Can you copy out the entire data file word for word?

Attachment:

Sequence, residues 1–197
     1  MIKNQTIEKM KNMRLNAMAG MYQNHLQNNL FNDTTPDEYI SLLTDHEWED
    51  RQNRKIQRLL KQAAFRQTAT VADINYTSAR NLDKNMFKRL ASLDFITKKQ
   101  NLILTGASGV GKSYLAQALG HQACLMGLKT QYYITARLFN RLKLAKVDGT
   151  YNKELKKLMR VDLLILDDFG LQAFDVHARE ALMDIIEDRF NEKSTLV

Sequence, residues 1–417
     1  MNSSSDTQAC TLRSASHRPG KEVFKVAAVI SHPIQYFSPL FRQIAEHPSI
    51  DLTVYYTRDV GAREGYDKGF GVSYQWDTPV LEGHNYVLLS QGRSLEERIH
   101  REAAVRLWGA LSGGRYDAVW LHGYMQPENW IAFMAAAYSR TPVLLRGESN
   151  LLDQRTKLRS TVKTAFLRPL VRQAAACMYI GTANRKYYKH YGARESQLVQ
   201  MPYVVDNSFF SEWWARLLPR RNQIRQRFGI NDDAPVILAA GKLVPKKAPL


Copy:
Sequence, residues 1–197
     1  MIKNQTIEKM KNMRLNAMAG MYQNHLQNNL FNDTTPDEYI SLLTDHEWED
    51  RQNRKIQRLL KQAAFRQTAT VADINYTSAR NLDKNMFKRL ASLDFITKKQ
   101  NLILTGASGV GKSYLAQALG HQACLMGLKT QYYITARLFN RLKLAKVDGT
   151  YNKELKKLMR VDLLILDDFG LQAFDVHARE ALMDIIEDRF NEKSTLV

Sequence, residues 1–417
     1  MNSSSDTQAC TLRSASHRPG KEVFKVAAVI SHPIQYFSPL FRQIAEHPSI
    51  DLTVYYTRDV GAREGYDKGF GVSYQWDTPV LEGHNYVLLS QGRSLEERIH
   101  REAAVRLWGA LSGGRYDAVW LHGYMQPENW IAFMAAAYSR TPVLLRGESN
   151  LLDQRTKLRS TVKTAFLRPL VRQAAACMYI GTANRKYYKH YGARESQLVQ
   201  MPYVVDNSFF SEWWARLLPR RNQIRQRFGI NDDAPVILAA GKLVPKKAPL